What should SyncBack do if a file is on your source drive but not on your target? Send it on over! What should SyncBack do if it finds the same file on both? This is a backup: Overwrite the contents on the destination drive with the source file (either always, or only if the file is newer than the older version on the destination drive). And, our favorite, what should SyncBack do with all the files on the destination drive that are no longer matched on the source? We live dangerously—and we appreciate an uncluttered backup drive—so we say delete these. If you want to keep these legacy files around, however, you can certainly tell SyncBack to do so. The power is yours, backupateer.
Again, we need to stress that we’re selecting the options that make the most sense to us for our own backup profile: Your choices may—and will—vary, especially if you want to synchronize your folders instead.
Tied for importance alongside SyncBack’s Advanced tab is its Filter tab (below) and, to a lesser degree, its Sub-directories tab. You’ll use the former to select the specific files and folders you want to exclude from your backups. It seems counterintuitive—that you’d want to remove subfolders and files from the primary directory to be backed up—but hear us out.
In our case, we have a whole ton of information within our Windows user folder that we really don’t need to duplicate. Links and Favorites? Unnecessary. Folders that have been created by third-party programs? Unchecked—we only want to back up the primary data that is otherwise irreplaceable on our drive. Those are just a couple examples.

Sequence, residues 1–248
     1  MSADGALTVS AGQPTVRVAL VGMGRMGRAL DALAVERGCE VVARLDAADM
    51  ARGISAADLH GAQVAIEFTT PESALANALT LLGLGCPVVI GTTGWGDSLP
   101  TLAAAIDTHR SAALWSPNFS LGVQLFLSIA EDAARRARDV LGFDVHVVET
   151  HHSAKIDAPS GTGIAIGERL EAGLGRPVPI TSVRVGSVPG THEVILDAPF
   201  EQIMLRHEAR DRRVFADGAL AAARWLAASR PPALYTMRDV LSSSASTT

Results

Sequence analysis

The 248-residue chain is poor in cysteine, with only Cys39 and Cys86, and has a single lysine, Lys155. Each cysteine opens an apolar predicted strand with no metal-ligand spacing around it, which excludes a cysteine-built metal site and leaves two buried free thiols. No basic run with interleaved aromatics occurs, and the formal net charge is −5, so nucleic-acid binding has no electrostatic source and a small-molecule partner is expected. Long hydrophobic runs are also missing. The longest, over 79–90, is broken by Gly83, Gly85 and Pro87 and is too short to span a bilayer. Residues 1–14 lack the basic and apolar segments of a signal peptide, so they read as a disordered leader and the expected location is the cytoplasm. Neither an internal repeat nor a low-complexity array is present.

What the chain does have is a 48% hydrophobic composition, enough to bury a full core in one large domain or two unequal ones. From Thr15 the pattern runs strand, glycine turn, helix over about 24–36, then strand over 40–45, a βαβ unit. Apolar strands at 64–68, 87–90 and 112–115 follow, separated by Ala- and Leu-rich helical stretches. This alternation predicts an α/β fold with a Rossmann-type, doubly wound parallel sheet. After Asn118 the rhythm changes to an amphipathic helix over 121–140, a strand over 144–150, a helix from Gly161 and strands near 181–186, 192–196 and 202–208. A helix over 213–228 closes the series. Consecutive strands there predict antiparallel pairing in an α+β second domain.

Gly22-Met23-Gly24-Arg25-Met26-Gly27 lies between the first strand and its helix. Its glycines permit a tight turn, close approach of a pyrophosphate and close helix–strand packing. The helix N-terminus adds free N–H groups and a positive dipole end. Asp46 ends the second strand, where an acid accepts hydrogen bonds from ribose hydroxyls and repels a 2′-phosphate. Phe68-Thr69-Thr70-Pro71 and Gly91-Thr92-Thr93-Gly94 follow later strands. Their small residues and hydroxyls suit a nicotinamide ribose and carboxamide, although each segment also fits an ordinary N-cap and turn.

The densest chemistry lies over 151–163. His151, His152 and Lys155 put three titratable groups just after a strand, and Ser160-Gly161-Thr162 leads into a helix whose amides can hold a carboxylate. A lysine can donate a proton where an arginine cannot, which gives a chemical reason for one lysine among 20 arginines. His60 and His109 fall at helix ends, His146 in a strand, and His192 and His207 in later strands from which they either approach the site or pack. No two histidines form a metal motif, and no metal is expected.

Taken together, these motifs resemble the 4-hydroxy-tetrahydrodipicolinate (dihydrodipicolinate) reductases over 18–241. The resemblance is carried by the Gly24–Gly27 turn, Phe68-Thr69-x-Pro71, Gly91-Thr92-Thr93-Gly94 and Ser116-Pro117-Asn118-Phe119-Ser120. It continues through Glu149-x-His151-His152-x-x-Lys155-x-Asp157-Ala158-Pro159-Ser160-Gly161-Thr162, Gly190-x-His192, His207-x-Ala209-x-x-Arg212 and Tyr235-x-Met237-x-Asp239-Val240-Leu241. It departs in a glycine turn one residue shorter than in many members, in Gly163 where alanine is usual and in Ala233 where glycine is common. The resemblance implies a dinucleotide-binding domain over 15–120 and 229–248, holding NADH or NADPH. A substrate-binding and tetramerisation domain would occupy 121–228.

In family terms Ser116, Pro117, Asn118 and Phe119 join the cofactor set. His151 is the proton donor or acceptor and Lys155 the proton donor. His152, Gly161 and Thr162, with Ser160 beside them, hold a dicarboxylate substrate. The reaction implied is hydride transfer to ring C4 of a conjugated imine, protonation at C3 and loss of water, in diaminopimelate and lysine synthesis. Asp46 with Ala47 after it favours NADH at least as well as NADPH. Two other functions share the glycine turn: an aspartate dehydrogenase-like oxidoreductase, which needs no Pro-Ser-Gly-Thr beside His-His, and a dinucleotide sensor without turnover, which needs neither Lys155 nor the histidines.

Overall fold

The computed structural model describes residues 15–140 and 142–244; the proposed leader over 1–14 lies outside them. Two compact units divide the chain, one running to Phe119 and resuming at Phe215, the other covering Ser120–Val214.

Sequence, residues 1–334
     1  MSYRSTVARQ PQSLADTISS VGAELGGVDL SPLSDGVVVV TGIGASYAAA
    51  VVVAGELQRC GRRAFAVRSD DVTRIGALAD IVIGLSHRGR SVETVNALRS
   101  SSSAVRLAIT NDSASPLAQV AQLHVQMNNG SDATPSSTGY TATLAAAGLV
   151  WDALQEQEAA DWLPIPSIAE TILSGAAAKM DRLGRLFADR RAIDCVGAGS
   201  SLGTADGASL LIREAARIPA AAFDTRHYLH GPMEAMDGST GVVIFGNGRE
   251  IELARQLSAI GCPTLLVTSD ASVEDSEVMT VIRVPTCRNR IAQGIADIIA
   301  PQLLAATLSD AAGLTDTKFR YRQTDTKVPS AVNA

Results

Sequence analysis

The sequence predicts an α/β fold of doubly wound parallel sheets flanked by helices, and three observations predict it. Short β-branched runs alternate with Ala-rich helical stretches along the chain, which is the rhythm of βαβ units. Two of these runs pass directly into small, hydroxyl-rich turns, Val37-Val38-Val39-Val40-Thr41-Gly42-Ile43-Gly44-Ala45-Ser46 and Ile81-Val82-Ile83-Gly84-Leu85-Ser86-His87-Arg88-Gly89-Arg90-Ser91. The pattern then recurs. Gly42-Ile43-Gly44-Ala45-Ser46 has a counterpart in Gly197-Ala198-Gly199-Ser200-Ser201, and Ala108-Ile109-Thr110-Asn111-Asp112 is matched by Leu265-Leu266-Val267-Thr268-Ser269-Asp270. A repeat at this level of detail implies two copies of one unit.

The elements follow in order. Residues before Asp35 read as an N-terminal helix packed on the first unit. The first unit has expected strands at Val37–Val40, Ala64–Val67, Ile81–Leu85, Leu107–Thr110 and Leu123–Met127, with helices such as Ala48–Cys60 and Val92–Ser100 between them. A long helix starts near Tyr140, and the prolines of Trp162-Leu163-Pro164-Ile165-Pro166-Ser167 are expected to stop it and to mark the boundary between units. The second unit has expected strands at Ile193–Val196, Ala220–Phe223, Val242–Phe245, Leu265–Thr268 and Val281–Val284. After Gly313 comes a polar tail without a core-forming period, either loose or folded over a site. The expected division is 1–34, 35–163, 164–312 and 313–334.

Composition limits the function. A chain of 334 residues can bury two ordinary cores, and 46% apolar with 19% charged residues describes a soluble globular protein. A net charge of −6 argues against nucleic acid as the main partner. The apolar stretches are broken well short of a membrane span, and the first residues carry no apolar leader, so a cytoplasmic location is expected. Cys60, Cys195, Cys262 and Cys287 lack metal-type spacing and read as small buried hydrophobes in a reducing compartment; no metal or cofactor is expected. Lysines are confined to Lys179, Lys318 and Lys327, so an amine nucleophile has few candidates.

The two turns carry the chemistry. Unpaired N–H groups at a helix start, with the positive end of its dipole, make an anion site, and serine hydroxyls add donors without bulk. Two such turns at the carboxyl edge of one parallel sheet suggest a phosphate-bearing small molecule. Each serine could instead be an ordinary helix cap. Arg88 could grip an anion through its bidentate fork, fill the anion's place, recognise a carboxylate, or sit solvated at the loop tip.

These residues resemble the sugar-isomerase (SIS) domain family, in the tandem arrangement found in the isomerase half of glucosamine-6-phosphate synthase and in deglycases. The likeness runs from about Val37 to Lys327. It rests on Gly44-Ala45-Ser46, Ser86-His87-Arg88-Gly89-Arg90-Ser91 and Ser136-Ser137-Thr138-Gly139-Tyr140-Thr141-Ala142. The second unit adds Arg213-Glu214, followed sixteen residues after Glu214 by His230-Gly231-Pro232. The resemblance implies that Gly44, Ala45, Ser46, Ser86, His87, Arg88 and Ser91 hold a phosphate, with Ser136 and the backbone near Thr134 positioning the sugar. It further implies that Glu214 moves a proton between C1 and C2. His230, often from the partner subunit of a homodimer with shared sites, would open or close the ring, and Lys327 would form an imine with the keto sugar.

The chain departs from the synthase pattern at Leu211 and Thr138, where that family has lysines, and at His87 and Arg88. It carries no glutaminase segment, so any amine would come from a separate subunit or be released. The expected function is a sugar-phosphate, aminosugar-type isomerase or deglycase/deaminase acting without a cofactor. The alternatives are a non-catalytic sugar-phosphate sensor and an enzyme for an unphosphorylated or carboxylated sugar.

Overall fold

As for files, do we really need to back up anything that ends in .tmp, .htm, or .html? Nope. What about .bak or .log files? Gone. To eliminate these, we merely need to introduce them into the “Files NOT to copy” screen by using a wildcard—*.tmp, for example—to remove them from our main backup.
It’s a lot easier in our example—copying our Windows user folder—to go in and select only the direct folders within the Windows\Users\[our name] directory that we care about. You can do this in one of two ways: In the Sub-directories tab (after selecting the “Let me choose what sub-directories to include” option in the Sub-Dirs drop-down menu at the top of the Profile Setup window), or by adding these directories within the related option in the Filter tab. The first choice only excludes the specific folders you have not checked on the screen: Any new directories in the parent Source folder, created after the fact, will be added to the backup by default.
Confession time: You’ll have to use Windows Task Manager to schedule SyncBack backups if you want them to happen when the program isn’t running in the background of your operating system. That’s a ton of work, and we actually don’t mind having super-quick access to our backup profiles with a background-running SyncBack (accessed via an icon in the Windows taskbar).
So, we much prefer SyncBack’s simple, “Run this profile every...” option, to be found within the Background tab of the Profile Setup screen (below). Set the time interval in seconds, minutes, hours, or days, and SyncBack will automatically process your backup profile at whatever Windows priority level you set.
If you’ve used our previous tips to exclude folders and files that don’t need to be backed up, you’ll find that SyncBack’s “every [interval]” backup scheduling is hardly irritating. But more importantly, you’ll find a fresh version of your files on your backup location each and every time you need to access them—which, we hope, is quite rarely.